Failed Danish Bank Makes History With First Senior Bondholder/Depositor Impairments To The Tune Of 41% Of Total

Danish bank Amagerbanken A/S has just made history. The bank (which together with all other Danish, and not to mention Irish banks passed last year's European stress farce test) failed yesterday, this time for good, after its previous near death experience in the summer of 2010, when it only continued to exist in a zombi state courtesy of $2 billion in financial guarantees by the government. That guarantee, which was subject to "Amagerbanken strengthening its capital base and solvency by 750 million crowns in the form of equity or subordinated loan capital by Sept. 15" has ultimately been wiped out and on Monday, the Danish equivalent of the FDIC, the Finansiel Stabilitet A/S, announced that administrators would close the bank. And while the failure itself is not surprising (it was roughly the same size as the mid-2008 collapse of Roskilde Bank, previously the biggest Danish bank failure), nor is the reason for the failure, the bank said fourth-quarter writedowns wiped out its equity, attributing a large part to failed property investors (but we thought European real estate  was doing so much better?), what is unique about this failure is that it is the first one to proceed according to new new regulations designed to ensure senior bondholders suffer losses in a bailout. And suffer they will. According to Bloomberg, bondholders of senior debt, including bonds formerly guaranteed by the government, will face write-offs of about 41%. "The bank estimates its assets amount to about 59 percent of liabilities." Another loser: depositors, who just happen to be pari passu with senior bondholders. To put this failure in context, recall that every Failure Friday the FDIC bail outs numerous banks, with the tab in most cases running up into the hundreds of millions if not billions. What Europe has done, is instead of getting a deposit insurer to guarantee the loses (at the expense of more taxpayer capital), is it has allowed bond bondholders and depositors to be impaired to the point where pro forma assets equal liabilities. Something, which in bankruptcy is known as Fresh Start, and is the most apt way to make sure that in addition to unlimited upside, bank bondholders actually also incur risk. Which is why this brilliant approach to zombi bank resurrection with NEVER materialize in the US. After all, how can we possibly ask the banksters to dare accept the possibility of loss on even one penny of their investments...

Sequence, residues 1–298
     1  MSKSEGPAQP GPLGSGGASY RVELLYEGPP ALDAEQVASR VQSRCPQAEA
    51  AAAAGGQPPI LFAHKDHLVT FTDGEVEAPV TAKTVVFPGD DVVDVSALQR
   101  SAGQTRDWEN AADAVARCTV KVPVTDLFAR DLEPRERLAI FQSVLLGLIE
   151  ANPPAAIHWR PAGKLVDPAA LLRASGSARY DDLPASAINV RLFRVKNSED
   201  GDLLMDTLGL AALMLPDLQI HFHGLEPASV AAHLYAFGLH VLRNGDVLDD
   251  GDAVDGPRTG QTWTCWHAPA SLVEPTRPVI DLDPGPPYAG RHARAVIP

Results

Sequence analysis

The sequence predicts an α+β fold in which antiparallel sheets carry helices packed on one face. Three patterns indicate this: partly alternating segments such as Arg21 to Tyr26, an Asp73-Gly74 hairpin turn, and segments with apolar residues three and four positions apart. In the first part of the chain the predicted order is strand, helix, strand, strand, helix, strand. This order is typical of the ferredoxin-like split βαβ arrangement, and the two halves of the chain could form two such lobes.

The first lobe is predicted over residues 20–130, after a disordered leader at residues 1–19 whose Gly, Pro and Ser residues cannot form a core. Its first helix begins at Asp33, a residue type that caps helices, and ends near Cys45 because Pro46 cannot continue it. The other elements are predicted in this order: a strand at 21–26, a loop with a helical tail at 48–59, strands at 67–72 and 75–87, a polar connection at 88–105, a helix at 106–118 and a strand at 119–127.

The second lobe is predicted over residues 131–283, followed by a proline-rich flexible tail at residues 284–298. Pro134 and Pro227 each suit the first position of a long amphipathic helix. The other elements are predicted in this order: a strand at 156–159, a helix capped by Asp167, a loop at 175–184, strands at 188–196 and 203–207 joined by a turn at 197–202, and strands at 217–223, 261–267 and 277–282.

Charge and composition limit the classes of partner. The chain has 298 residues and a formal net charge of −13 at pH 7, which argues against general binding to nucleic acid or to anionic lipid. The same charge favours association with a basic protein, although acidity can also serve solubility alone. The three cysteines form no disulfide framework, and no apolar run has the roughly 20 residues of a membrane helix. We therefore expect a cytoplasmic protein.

More from Bloomberg on what is truly a beacon of logic in a world that puts bizarro to shame:

Investors in about 2 billion kroner ($360 million) of notes face losing almost half face value after the transfer of 15 billion kroner of the Copenhagen-based bank’s assets to a state- owned company, Bloomberg data show. Liabilities staying at the failed bank total about 13 billion kroner and include subordinated and hybrid debt, about 5.6 billion kroner of bonds backed by the government, as well as senior unsecured bonds.

“The bank hasn’t collapsed and gone into bankruptcy like the Icelandic banks, but has been selectively bailed out with a transfer of assets and a partial transfer of liabilities,” said Simon Adamson, an analyst at CreditSights Inc. in London. “Normally when this happens, senior debt and deposits are protected, such is the sensitivity around them, but this is bank resolution with debt and deposit haircuts, rather than a simple liquidation.”

Only when the FDIC, and the corrupt oligarchs, not to mention bankers who literally rule the US, acquiesce to a comparable form of loss-sharing arrangement (in which the taxpayer does not end up footing the bill in perpetuity for banks' desire to load up their balance sheets with worthless paper, which once upon a time produced yield and now just produces negative cash flow), can we say that America is truly on the way to some form of (fair and equitable) recovery. Everything else is just smoke, mirrors, corruption and lies.

h/t Scrataliano